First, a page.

Six Effective Ways to Reduce Cart Abandonment in Your Online Store

In 2012, Comscore estimated that 67 percent of shopping carts are abandoned by customers upon checkout. In 2013, Listrak pegged shopping cart abandonment rate at 75 percent. It looks like this conversion-lowering woe of e-commerce site owners has not been properly addressed.

Use your checkout page to drive conversion. Simple tweaks to your e-commerce site design can work wonders for your sales and reduce the number of abandoned carts. Here are six basic ways to minimize cart abandonment.

1. Do Not Ask a Customer to Register Before Shopping

Prompt your customer to register after he/she has completed placing the order. The annoying pop-up or redirect asking to create an account before you allow a user to shop turns away potential buyers. On a different note, functionally like Facebook, Google, LinkedIn, PayPal connect could be tried out depending on the audience you are targeting.

2. Help Your Customers by Suggesting Related ProductsSix Effective Ways to Reduce Cart Abandonment in Your Online Store

Suggest related products before your customer reaches the checkout stage. Many shoppers relish being confident about their purchase. And one way of ensuring that they have added to their shopping carts the product options that they find most satisfactory is to situate your recommended related items before checkout. If you sell electronic gadgets, for instance, a customer may forget to buy a much-needed adapter for a certain product. Preempt that need and along with reducing cart abandonment, you also increase your cross-selling or upselling rate.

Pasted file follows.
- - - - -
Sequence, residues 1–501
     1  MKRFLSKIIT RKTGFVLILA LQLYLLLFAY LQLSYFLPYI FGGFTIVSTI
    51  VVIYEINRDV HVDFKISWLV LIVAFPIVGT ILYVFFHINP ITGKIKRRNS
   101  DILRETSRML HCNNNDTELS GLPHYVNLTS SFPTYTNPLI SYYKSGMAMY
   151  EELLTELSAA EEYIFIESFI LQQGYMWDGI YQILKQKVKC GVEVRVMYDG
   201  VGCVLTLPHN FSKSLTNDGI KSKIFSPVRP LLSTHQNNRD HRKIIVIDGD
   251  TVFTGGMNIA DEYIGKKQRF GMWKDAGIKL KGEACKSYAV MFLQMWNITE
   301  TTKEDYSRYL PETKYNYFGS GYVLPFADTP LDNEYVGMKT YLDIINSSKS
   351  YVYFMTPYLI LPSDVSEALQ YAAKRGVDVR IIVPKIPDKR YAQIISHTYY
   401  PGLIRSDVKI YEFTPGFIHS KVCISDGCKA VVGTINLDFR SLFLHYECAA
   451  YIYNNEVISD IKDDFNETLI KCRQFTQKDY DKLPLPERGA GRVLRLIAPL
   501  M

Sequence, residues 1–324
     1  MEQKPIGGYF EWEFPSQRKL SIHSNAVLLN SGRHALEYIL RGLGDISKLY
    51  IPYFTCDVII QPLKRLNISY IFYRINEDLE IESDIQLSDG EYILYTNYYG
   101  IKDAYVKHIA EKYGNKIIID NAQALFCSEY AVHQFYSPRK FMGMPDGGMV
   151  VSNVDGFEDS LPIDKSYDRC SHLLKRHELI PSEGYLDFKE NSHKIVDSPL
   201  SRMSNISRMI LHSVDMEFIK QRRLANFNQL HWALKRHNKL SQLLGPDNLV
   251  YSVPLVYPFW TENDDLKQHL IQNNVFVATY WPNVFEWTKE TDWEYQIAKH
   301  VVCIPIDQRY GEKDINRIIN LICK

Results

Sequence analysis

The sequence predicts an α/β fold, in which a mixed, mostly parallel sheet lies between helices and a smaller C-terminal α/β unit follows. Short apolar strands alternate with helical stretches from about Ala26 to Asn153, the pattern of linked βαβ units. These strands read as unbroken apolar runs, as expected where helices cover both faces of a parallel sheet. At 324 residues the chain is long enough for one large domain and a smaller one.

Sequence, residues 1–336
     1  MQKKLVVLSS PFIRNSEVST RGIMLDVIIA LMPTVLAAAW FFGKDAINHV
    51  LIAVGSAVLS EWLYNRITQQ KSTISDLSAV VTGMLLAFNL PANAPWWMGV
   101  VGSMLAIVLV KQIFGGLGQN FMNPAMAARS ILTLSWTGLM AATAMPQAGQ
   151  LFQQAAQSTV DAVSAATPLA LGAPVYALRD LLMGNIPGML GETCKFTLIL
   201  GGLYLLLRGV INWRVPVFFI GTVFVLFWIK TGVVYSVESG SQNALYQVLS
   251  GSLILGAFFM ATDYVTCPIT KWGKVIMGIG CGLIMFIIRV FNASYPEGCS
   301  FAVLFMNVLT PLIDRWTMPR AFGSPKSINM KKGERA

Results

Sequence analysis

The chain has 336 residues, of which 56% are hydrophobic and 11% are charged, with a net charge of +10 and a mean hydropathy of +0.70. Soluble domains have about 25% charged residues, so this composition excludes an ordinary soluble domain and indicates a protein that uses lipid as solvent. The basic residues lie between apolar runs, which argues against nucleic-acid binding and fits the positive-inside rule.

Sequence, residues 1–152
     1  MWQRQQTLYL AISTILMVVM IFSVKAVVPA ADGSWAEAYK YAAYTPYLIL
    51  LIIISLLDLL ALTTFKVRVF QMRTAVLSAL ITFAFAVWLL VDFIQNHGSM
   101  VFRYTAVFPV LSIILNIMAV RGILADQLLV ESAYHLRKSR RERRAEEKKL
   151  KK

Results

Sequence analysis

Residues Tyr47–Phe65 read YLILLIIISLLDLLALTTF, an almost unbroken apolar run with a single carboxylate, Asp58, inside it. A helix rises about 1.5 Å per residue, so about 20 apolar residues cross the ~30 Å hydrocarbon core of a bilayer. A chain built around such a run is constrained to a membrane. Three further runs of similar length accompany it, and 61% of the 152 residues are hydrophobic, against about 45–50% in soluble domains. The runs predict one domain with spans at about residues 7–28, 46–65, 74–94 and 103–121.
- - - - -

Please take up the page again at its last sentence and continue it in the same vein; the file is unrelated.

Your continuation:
3. Show All the Fees While the Customer Loads Items Onto the Shopping Cart

“Hidden” fees that only appear upon checkout are the bane of many online shoppers. Display taxes and shipping fees on the cart at all times. If you show applicable fees only at the final checkout page, then you risk having the customer abandon his cart.

Also, consider offering free shipping. A study made by Forrester Research revealed that 44 percent of online shoppers abandoned their carts due to high shipping costs and 22 percent did so because there was no mention of shipping fees at all. If you cannot afford to offer free shipping, then have a flat shipping rate instead.

4. Improve the Usability of Your Shopping Cart

Items added to the cart must be visible at all times. Display small images of the items that are already loaded by the customer to the cart. That way, he does not need to backtrack. Show all the applicable fees, as well.

And while the customer is looking for other products to buy from your store, the shopping cart must be readily accessible from all web pages, preferably through a dropdown menu on the upper right hand corner of the screen.

Make the shopping cart button distinct from the checkout button. There should also be enough space separating them. Help the user avoid clicking the wrong button as that can easily put him off from completing the purchase.

Design your shopping cart to accommodate changes in product quantity. Your customer may remove items from the cart, and he should be given the ability to do so in one click.